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'Hamilton' airs on Disney+: For people of color, an American story 'that could be theirs'

The show’s diverse casting and contemporary sound, says Princeton professor Brian Herrera, makes the past seem relevant and accessible.

To borrow a phrase from the Broadway smash "Hamilton," this weekend millions of Americans will have the opportunity to be in "the room where it happens." Only that room will probably be their living room.

Just in time for an Independence Day weekend without the usual crowded throngs and baseball games, Lin-Manuel Miranda is bringing his multicultural story of the Founding Fathers to streaming TV. "Hamilton" will premiere exclusively on Disney+ on Friday.

"Hamilton" had originally been scheduled for a theatrical release in October 2021. Then the coronavirus pandemic struck, and the show's debut was advanced and made available on streaming.

"I'm so grateful to Disney and Disney+ for reimagining and moving up our release to July 4th weekend of this year, in light of the world turning upside down," Miranda said in a statement in May. "'I'm so grateful to all the fans who asked for this, and I'm so glad that we're able to make it happen. I'm so proud of this show. I can't wait for you to see it."

That so many people potentially will be able to view the show is a minor miracle. Despite "Hamilton's" global popularity, many of its fans have never actually seen it. Since it opened on Broadway, "Hamilton" has been sold out, and ticket prices have soared. During the 2017 Christmas holidays, a single premium seat cost $1,150. Now the show is available for less than the cost of a movie ticket; a monthly subscription to Disney+ costs $6.99.

Reactivating optimism in a time of crisis?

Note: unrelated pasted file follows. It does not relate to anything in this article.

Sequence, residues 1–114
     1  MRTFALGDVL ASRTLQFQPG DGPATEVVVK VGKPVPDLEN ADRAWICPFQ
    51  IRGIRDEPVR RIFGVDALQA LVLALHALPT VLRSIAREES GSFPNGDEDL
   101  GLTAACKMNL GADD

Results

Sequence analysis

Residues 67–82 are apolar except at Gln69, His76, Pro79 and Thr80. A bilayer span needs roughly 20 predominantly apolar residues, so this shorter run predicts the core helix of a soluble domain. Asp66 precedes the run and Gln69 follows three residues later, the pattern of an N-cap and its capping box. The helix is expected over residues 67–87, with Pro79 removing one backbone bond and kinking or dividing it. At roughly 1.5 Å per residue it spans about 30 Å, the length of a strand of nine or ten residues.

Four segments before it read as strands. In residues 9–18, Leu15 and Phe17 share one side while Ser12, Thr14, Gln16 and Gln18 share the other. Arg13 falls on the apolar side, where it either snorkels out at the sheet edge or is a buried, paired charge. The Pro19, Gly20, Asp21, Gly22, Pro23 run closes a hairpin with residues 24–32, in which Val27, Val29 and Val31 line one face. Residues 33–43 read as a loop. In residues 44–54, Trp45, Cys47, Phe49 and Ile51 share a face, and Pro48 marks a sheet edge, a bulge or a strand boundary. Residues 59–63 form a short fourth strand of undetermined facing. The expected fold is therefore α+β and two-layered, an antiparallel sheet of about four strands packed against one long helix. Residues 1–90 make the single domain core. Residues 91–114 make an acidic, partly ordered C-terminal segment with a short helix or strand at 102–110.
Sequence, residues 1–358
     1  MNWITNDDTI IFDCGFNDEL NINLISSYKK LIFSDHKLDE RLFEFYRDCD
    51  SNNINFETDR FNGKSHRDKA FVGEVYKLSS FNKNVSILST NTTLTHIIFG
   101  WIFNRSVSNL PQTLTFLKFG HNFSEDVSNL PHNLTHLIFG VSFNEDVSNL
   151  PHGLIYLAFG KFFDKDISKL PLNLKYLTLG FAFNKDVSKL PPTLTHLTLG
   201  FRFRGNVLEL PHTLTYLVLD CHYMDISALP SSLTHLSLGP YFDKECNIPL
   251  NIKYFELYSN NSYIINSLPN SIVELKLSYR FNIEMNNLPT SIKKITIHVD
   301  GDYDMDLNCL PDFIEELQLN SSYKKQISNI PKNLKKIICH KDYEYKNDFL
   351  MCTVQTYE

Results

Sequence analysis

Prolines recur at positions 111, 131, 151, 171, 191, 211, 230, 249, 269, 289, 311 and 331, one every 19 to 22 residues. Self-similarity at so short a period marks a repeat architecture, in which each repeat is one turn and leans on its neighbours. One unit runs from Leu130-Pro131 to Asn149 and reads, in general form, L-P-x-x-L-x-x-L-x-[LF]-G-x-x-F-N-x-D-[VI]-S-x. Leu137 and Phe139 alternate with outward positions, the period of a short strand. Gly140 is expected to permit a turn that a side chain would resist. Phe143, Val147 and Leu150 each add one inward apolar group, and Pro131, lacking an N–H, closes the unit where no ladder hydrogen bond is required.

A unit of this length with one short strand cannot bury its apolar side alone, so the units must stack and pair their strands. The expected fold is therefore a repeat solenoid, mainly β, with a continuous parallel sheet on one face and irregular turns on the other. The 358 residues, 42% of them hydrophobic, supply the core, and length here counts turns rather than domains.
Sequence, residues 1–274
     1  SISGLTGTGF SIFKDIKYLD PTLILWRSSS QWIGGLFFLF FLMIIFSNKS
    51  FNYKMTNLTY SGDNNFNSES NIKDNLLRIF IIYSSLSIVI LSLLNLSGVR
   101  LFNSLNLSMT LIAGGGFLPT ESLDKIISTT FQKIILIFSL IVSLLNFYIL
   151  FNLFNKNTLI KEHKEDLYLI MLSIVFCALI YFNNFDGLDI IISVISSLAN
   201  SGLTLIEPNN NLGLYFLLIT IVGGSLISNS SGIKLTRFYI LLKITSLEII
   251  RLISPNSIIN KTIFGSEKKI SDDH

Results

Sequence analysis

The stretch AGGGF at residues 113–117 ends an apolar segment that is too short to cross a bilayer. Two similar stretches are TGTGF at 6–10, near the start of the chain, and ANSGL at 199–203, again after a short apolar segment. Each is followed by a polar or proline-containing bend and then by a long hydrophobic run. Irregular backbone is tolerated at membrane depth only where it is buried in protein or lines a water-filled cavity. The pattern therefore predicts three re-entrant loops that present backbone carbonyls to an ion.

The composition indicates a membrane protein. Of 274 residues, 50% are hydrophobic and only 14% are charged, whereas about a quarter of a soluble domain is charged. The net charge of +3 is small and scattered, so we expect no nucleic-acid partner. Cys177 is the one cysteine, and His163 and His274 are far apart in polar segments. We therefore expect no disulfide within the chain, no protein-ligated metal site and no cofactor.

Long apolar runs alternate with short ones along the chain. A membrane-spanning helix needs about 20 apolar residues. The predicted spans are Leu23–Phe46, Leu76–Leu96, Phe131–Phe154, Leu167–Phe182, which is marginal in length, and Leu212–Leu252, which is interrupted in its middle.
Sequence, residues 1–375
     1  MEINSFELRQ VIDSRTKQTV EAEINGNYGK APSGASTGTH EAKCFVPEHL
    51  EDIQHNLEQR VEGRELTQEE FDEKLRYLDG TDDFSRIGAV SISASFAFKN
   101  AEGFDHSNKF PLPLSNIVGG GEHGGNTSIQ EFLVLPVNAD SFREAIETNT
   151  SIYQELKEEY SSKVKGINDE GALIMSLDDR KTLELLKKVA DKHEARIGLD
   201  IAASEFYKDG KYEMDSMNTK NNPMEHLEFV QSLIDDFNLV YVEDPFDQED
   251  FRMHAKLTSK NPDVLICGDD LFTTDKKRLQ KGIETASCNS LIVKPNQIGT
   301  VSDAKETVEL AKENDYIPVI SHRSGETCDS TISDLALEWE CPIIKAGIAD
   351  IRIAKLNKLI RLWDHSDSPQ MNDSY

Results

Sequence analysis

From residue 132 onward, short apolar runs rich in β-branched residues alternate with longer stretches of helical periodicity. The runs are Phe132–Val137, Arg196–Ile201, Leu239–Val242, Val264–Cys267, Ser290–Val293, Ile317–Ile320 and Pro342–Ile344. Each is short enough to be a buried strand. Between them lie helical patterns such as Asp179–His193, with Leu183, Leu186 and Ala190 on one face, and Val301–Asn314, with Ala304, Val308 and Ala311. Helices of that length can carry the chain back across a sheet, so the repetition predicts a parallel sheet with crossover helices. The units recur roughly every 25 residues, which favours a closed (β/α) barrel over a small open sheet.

"Hamilton" arrives at a moment when the country is reeling from a pandemic, a polarized political climate and protests over police brutality against African Americans.

Brian E. Herrera, associate professor of theater at Princeton University, is interested in how the show reverberates with a broad audience. "As a historian, I think of 'Hamilton' as encapsulating the inclusivity and promise of the Obama era. Now we've realized that that promise may not have been permanent, and it will be interesting to see if the show reactivates that optimism again."

"Hamilton," Herrera said, is brilliant because it invites audiences, particularly young people and people of color, to think of the American story as one "that could be theirs." The Founding Fathers and most of the cast are Black and brown, and Miranda imagines the rivalry between Alexander Hamilton and Vice President Aaron Burr, for example, as a rap battle.

The show's diverse casting and contemporary sound, Herrera said, make the past seem relevant and accessible. "The show opens up the proximity of the past and raises important questions like the role of government during a time of crisis," he said.

Critics have already praised the movie version of "Hamilton," with The New York Times noting that it "arrives just in time — vital and more challenging than ever."

In a short introduction to the movie, Miranda says, "So much of what 'Hamilton' is about is how history remembers and how that changes over time."

The movie is premiering when there is virtually no live theater in the country. Because of the coronavirus, Broadway shows suspended performances on March 12 and are not expected to resume them before 2021. "Hamilton" companies around the U.S. and overseas have likewise shuttered. Movie theaters have closed, and the film version of Miranda's first hit, "In The Heights" (which coincidentally has a storyline centering on the Fourth of July), has been postponed until next year.

Those circumstances have contributed to the pent-up demand for "Hamilton." On June 21, Miranda tweeted a clip of the film, which has been liked and retweeted hundreds of thousands of times. Excited by the news of the movie, fans have made "#Hamilfilm" trend on social media worldwide.

"Hamilton," inspired by Ron Chernow's biography of Alexander Hamilton, began at New York City's Public Theater in 2015 and then transferred to Broadway. It swept the Tony Awards in 2016, and Miranda later won the Pulitzer Prize for Drama. In 2019, Miranda took "Hamilton" to Puerto Rico to help the island recover from Hurricane Maria.

The show is credited with introducing a new, younger generation to Broadway and with highlighting performers of color. The "Hamilton" movie is a filmed capture of the show, recorded in 2016, with original cast members including Miranda, Phillipa Soo, Renee Elise Goldsberry, Leslie Odom Jr. and Daveed Diggs.

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